Johannesburg - The government was studying an International Criminal Court (ICC) order demanding reasons why Sudanese President Omar al-Bashir was allowed to leave the country earlier this year, President Jacob Zuma said on Tuesday.
"The South African government is aware of the order made by the ICC on the 4th of September 2015 requesting submission from South Africa in relation to the case of President Al-Bashir," Zuma said.
"We are currently studying the order. We will then make a determination as to the next course of action, if any. Our own courts are still considering the matter of President Al-Bashir's last visit to South Africa in June, therefore the matter is sub judice."
The court had given South Africa until October 4 to respond.
Zuma was addressing media, senior Cabinet ministers and a bevy of high commissioners and ambassadors from diplomatic missions in South Africa at the Sefako Makgatho presidential guest house in Pretoria.
Al-Bashir, wanted by the ICC to stand trial on charges of genocide and crimes against humanity committed in Darfur that left 300 000 dead, attended the African Union summit taking place in Johannesburg.
On June 14, after Al-Bashir had arrived in the country, High Court in Pretoria Judge Hans Fabricius granted an interim order preventing Al-Bashir from leaving the country pending the application for his arrest.
The Southern African Litigation Centre (SALC) had brought an urgent application to compel South African authorities to arrest Al-Bashir.
It wanted the SA government to hand him over to the ICC for war crimes.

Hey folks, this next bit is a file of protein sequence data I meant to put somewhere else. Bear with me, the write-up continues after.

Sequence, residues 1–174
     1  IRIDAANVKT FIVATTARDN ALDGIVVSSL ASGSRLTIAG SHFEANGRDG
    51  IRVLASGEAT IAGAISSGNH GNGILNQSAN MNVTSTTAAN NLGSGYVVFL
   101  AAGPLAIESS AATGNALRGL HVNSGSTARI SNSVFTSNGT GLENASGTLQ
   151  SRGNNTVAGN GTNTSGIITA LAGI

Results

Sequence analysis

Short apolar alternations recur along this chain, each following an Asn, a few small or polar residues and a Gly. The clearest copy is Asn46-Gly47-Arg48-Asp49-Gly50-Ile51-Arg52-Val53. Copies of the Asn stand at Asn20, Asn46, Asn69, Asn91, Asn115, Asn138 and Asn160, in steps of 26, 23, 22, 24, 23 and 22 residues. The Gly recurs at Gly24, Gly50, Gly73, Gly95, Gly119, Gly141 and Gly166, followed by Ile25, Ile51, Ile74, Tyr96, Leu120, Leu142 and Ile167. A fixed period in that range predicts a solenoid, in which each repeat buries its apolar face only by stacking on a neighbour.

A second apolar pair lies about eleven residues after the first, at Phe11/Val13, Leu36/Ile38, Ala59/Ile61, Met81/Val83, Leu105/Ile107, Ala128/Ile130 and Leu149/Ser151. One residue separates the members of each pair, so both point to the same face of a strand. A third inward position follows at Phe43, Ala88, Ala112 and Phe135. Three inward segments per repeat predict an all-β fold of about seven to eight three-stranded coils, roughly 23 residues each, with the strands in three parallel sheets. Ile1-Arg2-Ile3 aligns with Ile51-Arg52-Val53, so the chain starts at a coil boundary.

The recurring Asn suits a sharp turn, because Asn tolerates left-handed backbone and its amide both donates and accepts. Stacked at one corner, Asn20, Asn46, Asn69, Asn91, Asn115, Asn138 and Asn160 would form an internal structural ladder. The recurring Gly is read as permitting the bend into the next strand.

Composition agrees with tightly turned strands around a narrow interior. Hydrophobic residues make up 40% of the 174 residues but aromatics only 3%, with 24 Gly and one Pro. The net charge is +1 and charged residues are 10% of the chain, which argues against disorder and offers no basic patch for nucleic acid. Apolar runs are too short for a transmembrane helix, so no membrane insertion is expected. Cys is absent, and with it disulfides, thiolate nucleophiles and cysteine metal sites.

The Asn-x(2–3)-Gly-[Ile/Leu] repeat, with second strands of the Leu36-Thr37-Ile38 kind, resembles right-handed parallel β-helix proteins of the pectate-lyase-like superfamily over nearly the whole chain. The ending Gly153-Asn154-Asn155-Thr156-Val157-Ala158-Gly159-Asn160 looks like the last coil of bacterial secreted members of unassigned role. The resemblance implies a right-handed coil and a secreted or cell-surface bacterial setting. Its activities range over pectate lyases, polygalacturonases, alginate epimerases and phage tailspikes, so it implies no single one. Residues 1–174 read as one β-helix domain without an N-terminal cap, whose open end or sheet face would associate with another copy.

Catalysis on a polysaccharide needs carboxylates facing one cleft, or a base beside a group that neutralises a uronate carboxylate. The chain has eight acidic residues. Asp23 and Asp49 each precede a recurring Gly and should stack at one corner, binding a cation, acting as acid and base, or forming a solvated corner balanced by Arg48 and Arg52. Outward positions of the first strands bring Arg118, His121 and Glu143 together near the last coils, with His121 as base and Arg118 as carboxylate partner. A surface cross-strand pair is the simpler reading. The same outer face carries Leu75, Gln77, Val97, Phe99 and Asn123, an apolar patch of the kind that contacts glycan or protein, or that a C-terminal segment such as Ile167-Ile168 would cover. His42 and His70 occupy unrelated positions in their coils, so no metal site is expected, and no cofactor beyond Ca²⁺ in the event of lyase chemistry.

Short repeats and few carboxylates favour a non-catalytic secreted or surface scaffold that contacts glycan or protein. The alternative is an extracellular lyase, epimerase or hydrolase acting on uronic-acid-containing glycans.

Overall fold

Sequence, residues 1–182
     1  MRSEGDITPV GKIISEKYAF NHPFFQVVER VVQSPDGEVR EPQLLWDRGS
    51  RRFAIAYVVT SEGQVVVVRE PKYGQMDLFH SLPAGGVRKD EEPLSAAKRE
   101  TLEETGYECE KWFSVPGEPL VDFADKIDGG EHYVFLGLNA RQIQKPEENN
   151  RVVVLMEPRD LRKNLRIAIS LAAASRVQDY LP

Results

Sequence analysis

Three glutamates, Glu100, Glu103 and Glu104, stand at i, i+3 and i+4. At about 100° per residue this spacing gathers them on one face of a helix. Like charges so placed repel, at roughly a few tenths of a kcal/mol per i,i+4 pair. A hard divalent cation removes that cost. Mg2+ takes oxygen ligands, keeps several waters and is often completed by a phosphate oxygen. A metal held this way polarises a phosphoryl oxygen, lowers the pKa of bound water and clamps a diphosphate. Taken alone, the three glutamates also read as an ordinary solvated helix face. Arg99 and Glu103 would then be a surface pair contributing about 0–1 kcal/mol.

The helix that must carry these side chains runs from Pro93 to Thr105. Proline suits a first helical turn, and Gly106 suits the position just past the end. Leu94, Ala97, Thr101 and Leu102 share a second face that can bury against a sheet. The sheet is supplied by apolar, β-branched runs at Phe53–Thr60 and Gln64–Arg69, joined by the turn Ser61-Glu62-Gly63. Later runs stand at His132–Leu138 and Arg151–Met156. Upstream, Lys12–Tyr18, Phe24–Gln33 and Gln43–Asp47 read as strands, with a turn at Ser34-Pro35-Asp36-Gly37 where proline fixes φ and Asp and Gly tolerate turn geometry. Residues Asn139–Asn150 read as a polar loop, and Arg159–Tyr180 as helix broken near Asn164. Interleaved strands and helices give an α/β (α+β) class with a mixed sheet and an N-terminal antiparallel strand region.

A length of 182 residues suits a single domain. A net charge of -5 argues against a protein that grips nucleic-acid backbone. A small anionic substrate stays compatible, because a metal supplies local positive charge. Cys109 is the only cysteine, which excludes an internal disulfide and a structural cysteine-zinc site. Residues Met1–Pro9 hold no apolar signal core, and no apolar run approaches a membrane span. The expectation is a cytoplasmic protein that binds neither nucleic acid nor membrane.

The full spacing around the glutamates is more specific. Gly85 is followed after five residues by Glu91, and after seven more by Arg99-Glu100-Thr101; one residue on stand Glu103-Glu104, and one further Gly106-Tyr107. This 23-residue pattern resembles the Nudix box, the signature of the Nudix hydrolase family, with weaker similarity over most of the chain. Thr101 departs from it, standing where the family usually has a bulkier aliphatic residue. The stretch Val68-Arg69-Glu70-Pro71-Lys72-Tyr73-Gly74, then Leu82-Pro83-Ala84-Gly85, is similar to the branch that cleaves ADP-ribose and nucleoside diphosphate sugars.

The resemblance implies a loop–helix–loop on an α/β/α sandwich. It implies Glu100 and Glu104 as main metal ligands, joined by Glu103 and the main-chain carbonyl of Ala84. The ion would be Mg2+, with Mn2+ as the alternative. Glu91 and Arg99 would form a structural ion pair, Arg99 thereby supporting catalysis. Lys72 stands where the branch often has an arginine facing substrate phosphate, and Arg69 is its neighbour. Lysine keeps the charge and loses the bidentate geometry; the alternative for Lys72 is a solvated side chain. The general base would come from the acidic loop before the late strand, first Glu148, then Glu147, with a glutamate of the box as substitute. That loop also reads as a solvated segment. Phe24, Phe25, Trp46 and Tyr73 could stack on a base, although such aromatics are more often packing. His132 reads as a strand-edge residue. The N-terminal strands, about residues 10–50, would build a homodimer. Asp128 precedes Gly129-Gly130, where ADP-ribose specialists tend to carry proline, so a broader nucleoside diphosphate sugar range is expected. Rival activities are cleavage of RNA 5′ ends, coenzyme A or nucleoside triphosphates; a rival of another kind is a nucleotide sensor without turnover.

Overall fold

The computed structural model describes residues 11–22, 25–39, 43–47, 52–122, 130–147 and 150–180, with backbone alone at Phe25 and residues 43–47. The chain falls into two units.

The ICC had called on South Africa to respect its obligations to co-operate with the court, with the President of the Assembly of States to the Rome Statute of the ICC, Sidiki Kaba, stating two arrest warrants issued by the ICC against Al-Bashir remained outstanding.
However, despite the court order, Al-Bashir was allowed to leave the country on June 15. On the same day, after Al-Bashir's departure had been confirmed, the court ruled the failure to detain Al-Bashir was inconsistent with the Constitution, and he must be detained pending a formal request from the ICC.
The High Court in Pretoria would rule on Wednesday on whether to grant government leave to appeal its earlier ruling on Al-Bashir.
Zuma said South Africa would host the second summit on the Forum of China-Africa Cooperation (FOCAC) in Johannesburg in December.
"Questions have been asked or raised whether President Al-Bashir of Sudan will be invited to FOCAC," Zuma said.
Zuma said it should be remembered that Sudan was a member of FOCAC, and as such, it expected the Sudanese government to participate in the summit in December.